The following is a narration of an incident that happened last Friday. It’s one of those incidents that usually happens in movies and you tell a friend nearby, “Ithellam padathula mattum thaan da nadakkum” (all these things happen only in movies). But in movies, such an incident usually leads to an even more improbable incident. For instance, a ravishing female foolishly falls in love with the ugly looking hero with unkempt hair, who bathes only once every week because the hero’s attitude is too casual and simple; and something complex yet logically perplexing needs to be done to take the story forward. But since I’m no hero and since I’m in one of the many obscure ABC engineering colleges in India where there are no ravishing females as beautiful or foolish as cine-heroines, the story ends with the first incident.
Coming to the incident, it happened in the first case as a result of my biological clock getting reset. It’s not insomnia for sure because I sleep eternally in class and thus make up for staying up till 5 o clock in the morning on an average. As I had an exam on Friday and wasn’t anywhere close to falling asleep till 2 o clock, I decided to revise a few things before I made a virgin appearance in an examination this semester. I was damn confident that I wouldn’t wake up in the morning if I went to bed as late as that. So I started revision and by the time I was done, it was four o clock. After that, I didn’t see any point in going to bed as I wasn’t feeling sleepy and didn’t want to attend the next day’s exam half asleep. The possibility of me falling asleep in the exam because I didn’t sleep the previous day never struck me and my adrenalin was unusually charged up, pumping and boiling at 4.30 in the morning. So I started doing things that I usually do when I’m bored: played music, started writing, about a friend of mine who has been pestering me to write something about him and put it up on my blog (!?!?). After that I signed into Facebook and started chatting with a friend of mine who currently happens to be somewhere in North America( or so she says). She was the founding member of the vetti society back in school which consisted of her boyfriend Kabalath and herself. (I hope this statement doesn’t anger another friend of mine who proudly embossed the name “SRIGYOSS” on the first page of his 11th grade physics record.)
As soon as my north American friend pulled the curtains on a highly intellectual conversation that meandered over assigning some degree of meaning to the completely obscure and a deviously abstract display pic of hers (the photograph of a white cloth with a brown dot in the middle) that could be understood only by her and Stephen Hawking, a good friend of hers, I realised that it was six o clock and rushed to the hostel balcony to drink coffee. Soon I realised that I was running out of things to do. The newspaper hadn’t arrived either. After roaming aimlessly and waking up a lot of friends who wanted to study in the morning, I retired to bed with no other choice. It was 7.15 and I went to bed after checking the time on the alarm in my mobile twice: 7.35, it read.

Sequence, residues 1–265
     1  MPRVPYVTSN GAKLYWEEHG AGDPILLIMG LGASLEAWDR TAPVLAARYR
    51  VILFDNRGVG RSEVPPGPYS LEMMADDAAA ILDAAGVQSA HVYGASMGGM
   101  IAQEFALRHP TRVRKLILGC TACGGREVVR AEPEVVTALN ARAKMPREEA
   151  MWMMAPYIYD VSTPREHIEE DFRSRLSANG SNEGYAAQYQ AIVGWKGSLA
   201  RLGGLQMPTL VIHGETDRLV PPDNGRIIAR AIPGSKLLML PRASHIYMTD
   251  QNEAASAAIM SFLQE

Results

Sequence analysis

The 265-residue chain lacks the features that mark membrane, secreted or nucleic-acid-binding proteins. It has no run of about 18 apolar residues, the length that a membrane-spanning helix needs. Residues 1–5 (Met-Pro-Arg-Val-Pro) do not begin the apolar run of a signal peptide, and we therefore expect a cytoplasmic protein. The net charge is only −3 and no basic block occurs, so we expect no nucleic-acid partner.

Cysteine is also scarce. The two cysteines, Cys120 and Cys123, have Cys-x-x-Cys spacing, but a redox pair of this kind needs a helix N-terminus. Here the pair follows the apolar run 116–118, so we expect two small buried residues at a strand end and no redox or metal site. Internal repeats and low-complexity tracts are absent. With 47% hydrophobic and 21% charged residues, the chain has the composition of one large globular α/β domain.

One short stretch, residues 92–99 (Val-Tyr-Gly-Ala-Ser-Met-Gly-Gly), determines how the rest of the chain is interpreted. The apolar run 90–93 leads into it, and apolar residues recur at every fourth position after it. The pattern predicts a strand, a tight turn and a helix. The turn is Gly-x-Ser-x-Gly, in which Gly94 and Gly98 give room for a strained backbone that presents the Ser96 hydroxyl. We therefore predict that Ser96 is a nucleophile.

I opened my eyes to a gloomy picture of quite a big mosquito sitting on my nose. I waved my hands over it and watched it fly off as I lazily reached out to my mobile. BLISTERING BARNACLES! The time on the top right corner read 21:58. “Ah, come on”, it can’t be. The sun was beating down hard on face, must be some problem with the clock; guess it tried aping my biological clock I thought. Yet I had a problem on hand. I wasn’t sure of the time and the bell symbol on the phone indicated that the phone alarm was yet to ring.
In a moment characterised by chaos and panic, I got up and put on my clothes and got out of my hostel only to witness a deserted picture of the hostel corridor. It was dark and amidst all the darkness a plump image with a divine aura surrounding it emerged, like a symbol of hope. I almost got my hands together to pray it as its presence reassured that I wasn’t late for the exam after all. As the figure came closer, I found it to be my friend Sibi, who walked up to me with a gleeful smile. I was about to say, “Machi two minutes wait pannu, we’ll go together” when he said those words, the words that shattered all hopes and left me gaping for a while!
“Machi, exam eppudi da panna?” (How did you do the exam buddy?”) I stood right there, motionless and expressionless with an image of Premji saying “enna koduma sir ithu” flashing across my mind. As soon as my friend realised what had happened, he wasted no time in spreading the message. I explained the story myself to all my friends and watched each of them laugh to their heart’s content. (enna oru villathanam :X )
Today, the world is a different place. After an examination, the almost unavoidable question. “How did it go?” is not a part of my life anymore. It’s been replaced by “dai, exam ezhuthina la?”(Hey, you wrote the exam right?)
I haven’t told this to my mom and I sincerely hope she doesn’t come across this post. She reacts adversely to even the least significant incidents like my toothbrush falling off my cupboard. Mom, if at all you come across this post, I just want to remind you that all is well and my professor has agreed to give me another chance to write the exam.